Legislative News: Fifth Week of the 2017 Session
Today is the 36th day of the 2017 legislative session, which is scheduled to last 105 days. The main goal of a long-session, like the one we are in, is to pass a balanced budget. The first cutoff is Feb. 17, so bills are being introduced at a rapid rate. After the cut-off, bills that haven’t made it through their original policy committees are considered likely dead and the number of bills being tracked narrows. Need a quick refresher on how a bill becomes law? Click here.Your Government Affairs team is tracking 178 bills at this time. You can see a list of all the bills here. If you would like to participate on our weekly Government Affairs Committee calls, send an email to Katie Doyle at KatieD@wahospitality.org.
Three bills came to the forefront this week concerning liquor regulation.
House Bill 1893, and its companion Senate Bill 5665, would allow operators the use of credit cards when purchasing alcohol. This gives our members an additional option for paying for spirits and is a helpful convenience. Julia Gorton, the Washington Hospitality Association State director of Government Affairs, testified in support of the bill in the House Committee on Commerce and Gaming Feb. 9. You can see her testimony here. The senate version of the bill was heard today. The Washington Hospitality Association also testified in support of the legislation.
Additionally, House Bill 2000 was heard in committee today. This bill would allow the private label of spirits and thereby leveling the playing field for distillery and winery industries. The Washington Hospitality Association also testified in support of this legislation. The bill is scheduled for a vote in committee tomorrow. We will keep you up-to-date as these bills move through the process.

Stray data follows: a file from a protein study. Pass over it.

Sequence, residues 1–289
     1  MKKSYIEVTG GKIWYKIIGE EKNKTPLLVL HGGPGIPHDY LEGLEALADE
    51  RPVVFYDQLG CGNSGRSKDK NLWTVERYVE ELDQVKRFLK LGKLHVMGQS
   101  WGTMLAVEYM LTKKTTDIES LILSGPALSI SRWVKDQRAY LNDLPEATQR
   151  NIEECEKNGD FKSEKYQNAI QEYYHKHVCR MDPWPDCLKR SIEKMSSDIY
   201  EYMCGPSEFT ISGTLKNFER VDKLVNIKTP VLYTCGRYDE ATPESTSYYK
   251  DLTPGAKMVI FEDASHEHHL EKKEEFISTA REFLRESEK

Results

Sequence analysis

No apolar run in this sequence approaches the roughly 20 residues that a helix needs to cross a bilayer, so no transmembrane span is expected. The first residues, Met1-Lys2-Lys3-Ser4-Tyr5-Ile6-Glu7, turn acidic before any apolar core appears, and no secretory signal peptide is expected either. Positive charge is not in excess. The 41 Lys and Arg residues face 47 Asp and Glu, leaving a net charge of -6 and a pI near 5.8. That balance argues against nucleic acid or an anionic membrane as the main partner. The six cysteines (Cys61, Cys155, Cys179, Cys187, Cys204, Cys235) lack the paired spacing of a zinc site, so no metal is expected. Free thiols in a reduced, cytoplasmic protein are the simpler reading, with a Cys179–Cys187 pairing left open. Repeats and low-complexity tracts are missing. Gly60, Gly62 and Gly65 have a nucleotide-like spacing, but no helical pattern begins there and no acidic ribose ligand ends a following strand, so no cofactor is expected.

Pop Syrup Tax
House Bill 1975 was introduced last week. The bill would add a tax on sugar-sweetened beverages (including imitation sugar and diet drinks). This is not the first time the legislature has sought to tax soda or other non-alcoholic drinks to fill budget gaps. We are actively watching this legislation. The bill has not been scheduled for a hearing yet and has until Friday to be heard or it is likely dead.
Paid Family Leave
Senate Bill 5032 passed out of policy committee and was heard in fiscal committee on Feb. 9. No vote has been taken on the bill in the appropriations committee to date. The Washington Hospitality Association has testified at all hearings on this legislation.
SB 5032 (companion to House Bill 1116) and Senate Bill 5149 propose to create statewide paid family leave policies. The proposal in SB 5032/HB 116 would give employees six months of paid leave and uses an employer-employee payroll tax for funding.
The Washington Hospitality Association supports paid family leave and Senate Bill 5149, which would provide 12 weeks weeks paid time off. Compensation within this bill is phased in up to 67 percent of the employee’s salary. Leave is financed through an employee payroll tax. We will keep you informed on the progress of all three bills.
Minimum Wage and Teen Wage
The Washington Hospitality Association is part of the ongoing rulemaking process with the Department of Labor and Industries on Initiative 1433. Stakeholder feedback is being collected today. L&I will use the comments to draft rules to implement the new law. Final feedback is due March 3. L&I will hold hearings throughout the state for public comment after March 3. The hearing dates and times have not yet been disclosed.
Last week, Senate Bill 5541, which would institute a teen wage, was heard in senate policy committee on Feb. 2. Julia Gorton, the Washington Hospitality Association director of State Government Affairs, testified in support of the legislation. See her testimony here. The bill has not since progressed.
We will keep you up to date as more information is available on the L&I rule-making and SB 5541.
House Bill 1123, and its companion Senate Bill 5251, would create a statewide tourism marketing program. Without this new law we are the only state in the nation without a tourism program and missing vital economic opportunities.
An amended version of the bill passed out of policy committee and has been assigned a hearing on Feb. 15 in the House Committee on Appropriations. The senate bill was heard on Feb. 9, but has not been moved to a fiscal committee at this time.
The Washington Hospitality Association is also participating with stakeholders on House Bill 2015. The bill would remove the lodging excise tax exemption for properties with fewer than 60 units. We are working to ensure our smaller lodging members will not be negatively impacted by this legislation. Currently the bill has not been scheduled for a hearing.